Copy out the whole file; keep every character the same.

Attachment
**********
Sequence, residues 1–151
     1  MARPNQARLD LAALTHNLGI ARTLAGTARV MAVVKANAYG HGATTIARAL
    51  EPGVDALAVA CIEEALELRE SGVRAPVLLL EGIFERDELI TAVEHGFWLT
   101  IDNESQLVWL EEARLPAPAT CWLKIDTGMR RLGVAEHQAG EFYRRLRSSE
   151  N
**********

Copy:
Sequence, residues 1–151
     1  MARPNQARLD LAALTHNLGI ARTLAGTARV MAVVKANAYG HGATTIARAL
    51  EPGVDALAVA CIEEALELRE SGVRAPVLLL EGIFERDELI TAVEHGFWLT
   101  IDNESQLVWL EEARLPAPAT CWLKIDTGMR RLGVAEHQAG EFYRRLRSSE
   151  N